Sunday, March 10, 2013

Excision: Jay's Movie of the Week #10

When the gore flashes in Excision, it's hot burgundy against ice white and neon blue; the high style to which a Lady Gaga video aspires. It's the stunning signature of an accomplished debut by Richard Bates, Jr. Excision is smart, funny, and unforgettable. Teen Pauline's unhappy in her oppressive home life with a controlling mother (Traci Lords), milquetoast father (Peter Bart), and favored, seriously ill sister (Ariel Winter). She's long since resigned herself to not fitting in, and her aspirations of being a surgeon are perhaps a tad unrealistic. In her dreams though, she's a high fashion, perfect empress of a blood-soaked realm of body parts. Pale and oily, pimply with limp hair, only her veneers give her away as the celebrity beauty queen we know. The first half of Excision is her quest to lose her virginity... during her period. Her single minded pursuit of the boy she targets, and her inner life of death and blood, hint at what's to come.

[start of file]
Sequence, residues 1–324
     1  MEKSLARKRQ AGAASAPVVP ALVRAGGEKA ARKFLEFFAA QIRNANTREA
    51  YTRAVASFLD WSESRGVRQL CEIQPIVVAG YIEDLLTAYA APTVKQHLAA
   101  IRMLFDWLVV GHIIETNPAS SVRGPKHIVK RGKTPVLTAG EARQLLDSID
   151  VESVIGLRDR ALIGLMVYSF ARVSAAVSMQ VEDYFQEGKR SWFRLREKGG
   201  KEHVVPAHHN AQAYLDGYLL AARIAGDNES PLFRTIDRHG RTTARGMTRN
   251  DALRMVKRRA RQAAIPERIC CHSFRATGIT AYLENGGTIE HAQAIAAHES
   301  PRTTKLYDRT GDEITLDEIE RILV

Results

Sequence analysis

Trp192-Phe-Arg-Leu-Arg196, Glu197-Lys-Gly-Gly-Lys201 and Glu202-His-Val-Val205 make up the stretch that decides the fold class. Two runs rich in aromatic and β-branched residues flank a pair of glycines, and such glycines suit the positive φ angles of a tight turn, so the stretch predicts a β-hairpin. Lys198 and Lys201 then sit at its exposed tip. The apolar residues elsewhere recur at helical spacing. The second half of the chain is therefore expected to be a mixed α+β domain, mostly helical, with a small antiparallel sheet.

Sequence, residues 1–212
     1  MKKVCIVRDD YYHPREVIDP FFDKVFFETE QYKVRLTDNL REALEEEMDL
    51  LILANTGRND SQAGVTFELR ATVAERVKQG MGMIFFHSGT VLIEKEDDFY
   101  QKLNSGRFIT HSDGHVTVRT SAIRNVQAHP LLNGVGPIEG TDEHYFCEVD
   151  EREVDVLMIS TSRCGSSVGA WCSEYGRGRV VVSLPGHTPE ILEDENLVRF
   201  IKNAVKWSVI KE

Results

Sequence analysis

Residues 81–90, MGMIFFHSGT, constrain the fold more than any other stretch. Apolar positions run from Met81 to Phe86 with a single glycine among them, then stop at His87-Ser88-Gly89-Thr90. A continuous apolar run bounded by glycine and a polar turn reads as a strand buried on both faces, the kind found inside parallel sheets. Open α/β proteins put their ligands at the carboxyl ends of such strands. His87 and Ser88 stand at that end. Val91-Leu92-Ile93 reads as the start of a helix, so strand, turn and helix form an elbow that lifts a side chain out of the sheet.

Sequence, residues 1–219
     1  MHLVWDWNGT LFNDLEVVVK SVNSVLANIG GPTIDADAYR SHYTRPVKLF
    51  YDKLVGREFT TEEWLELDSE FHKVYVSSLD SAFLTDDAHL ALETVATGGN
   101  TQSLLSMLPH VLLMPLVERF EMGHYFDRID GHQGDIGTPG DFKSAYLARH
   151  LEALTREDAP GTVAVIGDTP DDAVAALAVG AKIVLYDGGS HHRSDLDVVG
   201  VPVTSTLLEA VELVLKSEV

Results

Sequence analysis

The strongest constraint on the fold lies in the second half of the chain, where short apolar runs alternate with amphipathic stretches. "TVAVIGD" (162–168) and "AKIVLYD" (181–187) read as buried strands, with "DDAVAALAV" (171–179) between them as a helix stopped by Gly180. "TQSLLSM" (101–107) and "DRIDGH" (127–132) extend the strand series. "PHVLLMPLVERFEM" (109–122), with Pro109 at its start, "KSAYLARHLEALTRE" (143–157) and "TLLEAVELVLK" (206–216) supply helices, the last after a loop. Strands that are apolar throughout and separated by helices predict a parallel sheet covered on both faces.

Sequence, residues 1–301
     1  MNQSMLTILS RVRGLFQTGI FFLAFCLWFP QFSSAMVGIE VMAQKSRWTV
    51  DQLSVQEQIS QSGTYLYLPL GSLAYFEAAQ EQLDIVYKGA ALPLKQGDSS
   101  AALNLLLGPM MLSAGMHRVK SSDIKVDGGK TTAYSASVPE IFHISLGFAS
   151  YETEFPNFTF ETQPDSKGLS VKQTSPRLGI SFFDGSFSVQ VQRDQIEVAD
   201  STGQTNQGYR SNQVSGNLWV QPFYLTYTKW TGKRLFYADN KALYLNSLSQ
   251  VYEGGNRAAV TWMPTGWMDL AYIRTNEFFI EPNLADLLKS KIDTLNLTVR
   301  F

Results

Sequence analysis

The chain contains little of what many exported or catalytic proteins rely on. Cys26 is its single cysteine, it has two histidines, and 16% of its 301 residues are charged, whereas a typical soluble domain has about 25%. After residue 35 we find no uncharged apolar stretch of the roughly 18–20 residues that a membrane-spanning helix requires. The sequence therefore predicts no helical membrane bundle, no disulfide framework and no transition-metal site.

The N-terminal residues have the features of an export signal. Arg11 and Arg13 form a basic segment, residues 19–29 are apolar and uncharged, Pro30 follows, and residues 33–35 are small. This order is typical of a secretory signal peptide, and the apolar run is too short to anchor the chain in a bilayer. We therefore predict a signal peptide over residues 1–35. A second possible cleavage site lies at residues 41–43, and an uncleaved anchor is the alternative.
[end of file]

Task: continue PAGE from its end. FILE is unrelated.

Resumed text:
If you've dismissed Annalynne McCord as just another pretty face, she's here to school. I really only knew her from her bold, fun turn on Nip/Tuck. Terrific there, she's brilliant here. Her Pauline is too smart for her own good, and a budding psycho to boot. It's a good part and she runs with it, willing to sacrifice vanity for the opportunity. Her glamorous public image, echoed in the fantasy scenes here. makes for sharp contrast against Pauline's pimply, homely reality. She has no social skills and you almost forget amongst all the gore that she's dryly hilarious.

As Pauline's foil, Traci Lords' Phyllis is shrill and scarily direct. All steel and smoldering dissatisfaction, she can cut everyone down with a look and makes it clear where Pauline got her lack of grace. She pouts and glowers, but also conveys a love for her family along with her drive for perfection. Lords frequently surprises by being better than the material she's given, and has really grown as an actress. If McCord didn't have such a strong turn here, Lords would own this. The rest of the cast clearly showed up to play. Peter Bart and guest stars John Waters, Malcolm McDowell, and Marlee Matlin are all game, even if not given as much to do.

To tell too much is to give the thrills away, though the ending is that rarest of things, a genuine shock. While some of the proceedings are padded, circling the same points; Richard Bates, Jr. is a talent. His first outing rings with echoes of May and Donnie Darko. Excision is a delightful, disgusting triumph. Nauseating, disturbing, memorable; it proves AnnaLynne McCord is a lot more than a pretty face.

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